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Welcome to the all-new Tech Directions column, now of a higher quality than ever before! I hope that all of you will enjoy the clearer, more insightful content that comes from this greatly improved column platform.

Now, on to the content!

Wait. Just a second. The specialized “security” software that comes with my new column platform has just detected a problem. It appears that you are viewing this column using equipment that could make it possible for the column to be improperly saved, shared or PIRATED.

Fortunately for you, this new platform includes “security” measures that will protect you, the reader, from, you know, being able to view this content any way you might choose. So, for your protection, the quality of this column will be downgraded to make it less attractive to pirates or any normal consumer type.

Downgrade complete.

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See? Nearly as good as before.

OK, maybe that isn’t working out so well. And who am I kidding with that line about these measures being there for “your” protection? The only people being protected by measures like this are copyright and content owners. And the people copyright and content owners want to be protected from are their own customers. It seems these customers have the funny idea that they actually buy content and can use it on PC equipment that they think they own.

Now, I would never do something like this to my customers, er, readers. However, people who upgrade to Microsoft’s Windows Vista will quite likely run into a very similar scenario, especially if they plan to view high-quality video content on their brand-new, super-powerful PC system.

Oops, I did it again. I said on “their” brand-new, super-powerful PC system. That’s not quite right because it seems an awful lot like Microsoft and content owners are actually owning and controlling the PC systems, based on the way that some of Vista’s features work.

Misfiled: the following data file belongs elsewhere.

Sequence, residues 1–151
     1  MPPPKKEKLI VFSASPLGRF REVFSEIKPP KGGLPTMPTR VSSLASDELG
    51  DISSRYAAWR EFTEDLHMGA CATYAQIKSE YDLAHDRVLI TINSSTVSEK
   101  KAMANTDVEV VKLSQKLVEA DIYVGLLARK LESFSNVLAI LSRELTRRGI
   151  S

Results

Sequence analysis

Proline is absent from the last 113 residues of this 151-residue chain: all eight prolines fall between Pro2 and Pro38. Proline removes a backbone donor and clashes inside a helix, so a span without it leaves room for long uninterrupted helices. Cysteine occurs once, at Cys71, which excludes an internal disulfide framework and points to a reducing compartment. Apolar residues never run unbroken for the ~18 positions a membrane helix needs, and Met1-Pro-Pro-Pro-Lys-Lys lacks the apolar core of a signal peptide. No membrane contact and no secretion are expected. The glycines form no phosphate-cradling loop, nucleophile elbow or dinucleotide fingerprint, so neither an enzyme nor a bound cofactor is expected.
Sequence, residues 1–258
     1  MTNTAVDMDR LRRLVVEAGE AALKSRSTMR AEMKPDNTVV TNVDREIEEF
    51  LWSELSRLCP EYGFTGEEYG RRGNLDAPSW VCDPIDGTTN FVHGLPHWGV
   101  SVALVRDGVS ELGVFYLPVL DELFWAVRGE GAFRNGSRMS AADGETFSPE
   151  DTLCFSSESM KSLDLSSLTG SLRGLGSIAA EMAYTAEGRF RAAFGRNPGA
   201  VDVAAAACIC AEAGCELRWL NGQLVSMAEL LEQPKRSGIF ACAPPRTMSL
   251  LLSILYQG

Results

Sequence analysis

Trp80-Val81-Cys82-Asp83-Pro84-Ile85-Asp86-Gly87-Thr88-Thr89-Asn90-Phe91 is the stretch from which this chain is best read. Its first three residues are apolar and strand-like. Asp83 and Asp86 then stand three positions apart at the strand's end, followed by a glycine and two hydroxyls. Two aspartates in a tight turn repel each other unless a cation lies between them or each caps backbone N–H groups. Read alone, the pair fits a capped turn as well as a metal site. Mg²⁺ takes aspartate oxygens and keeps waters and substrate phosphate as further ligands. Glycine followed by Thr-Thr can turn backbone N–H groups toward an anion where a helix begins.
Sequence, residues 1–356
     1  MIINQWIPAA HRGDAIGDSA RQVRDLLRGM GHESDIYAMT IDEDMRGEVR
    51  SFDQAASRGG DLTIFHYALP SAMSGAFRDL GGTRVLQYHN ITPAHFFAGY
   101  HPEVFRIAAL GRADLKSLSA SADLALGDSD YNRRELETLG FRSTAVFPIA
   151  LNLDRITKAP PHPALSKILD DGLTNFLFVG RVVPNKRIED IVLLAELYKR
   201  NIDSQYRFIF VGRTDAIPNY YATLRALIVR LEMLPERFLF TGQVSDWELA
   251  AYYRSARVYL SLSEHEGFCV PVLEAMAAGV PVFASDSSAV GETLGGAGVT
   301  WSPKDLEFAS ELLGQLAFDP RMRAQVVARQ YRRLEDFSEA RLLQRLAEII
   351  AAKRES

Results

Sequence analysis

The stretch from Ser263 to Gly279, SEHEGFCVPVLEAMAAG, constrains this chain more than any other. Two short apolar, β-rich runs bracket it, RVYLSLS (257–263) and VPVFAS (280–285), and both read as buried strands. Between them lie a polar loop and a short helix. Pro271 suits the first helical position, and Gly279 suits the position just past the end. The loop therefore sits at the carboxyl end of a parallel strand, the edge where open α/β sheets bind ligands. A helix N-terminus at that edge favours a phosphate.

Click here to read eWEEK Labs’ review of Vista.

You see, some of the new features in Vista fit under what the Trusted Computing umbrella. Some of the Trusted Computing features are good—such as the ones that deal with encrypting and protecting personal data. But other Trusted Computing features are designed to limit what users can do with video, audio and software that they have purchased.

One of the worst of these features is something called Protected Video Path-Output Protection Management, or PVP-OPM. What this nifty little feature does is check to see what kind of monitor you have hooked up to your media-savvy Vista PC. If the monitor is brand-new, it may provide DRM (digital rights management) protection—essentially, all the way to the screen—allowing you to see, for example, the high-quality video content that you purchased.

If the monitor is older and doesn’t provide DRM capabilities—as is the case with most of the monitors in use today—Vista gives the content holders the option of downgrading the quality of the video or even blocking it altogether. And, given that the main goal of PVP-OPM is to prevent piracy, I have a feeling that many movie studios and other video content holders will choose the second, more Draconian option.

Isn’t this great? You’re a consumer who is supporting Microsoft (by upgrading to Vista), hardware vendors (by buying the latest in PC equipment) and movie studios (by purchasing movies in the highest-definition and most expensive formats available). And how do they thank you for your business? By saying, “We don’t trust you and your old monitor. We think you’re going to record the movie and share it on BitTorrent. And, even if you aren’t, we’re going to sabotage your system just on the off chance you will.”

In general, I like Vista. While it isn’t as big an upgrade on the operating system side as Microsoft Office 2007 is on the productivity side, it is still a nice update with some needed improvements. But I don’t like to be the subject of suspicion, and I don’t want Hollywood getting between me and my hardware. So I don’t plan to upgrade my home system to Vista anytime soon.

As the history of the now-dead DivX player shows, people don’t like systems that tell them how and when they can use content. Microsoft had better hope that Vista doesn’t follow DivX to the scrapheap of overly DRMed systems.

Labs Director Jim Rapoza can be reached at

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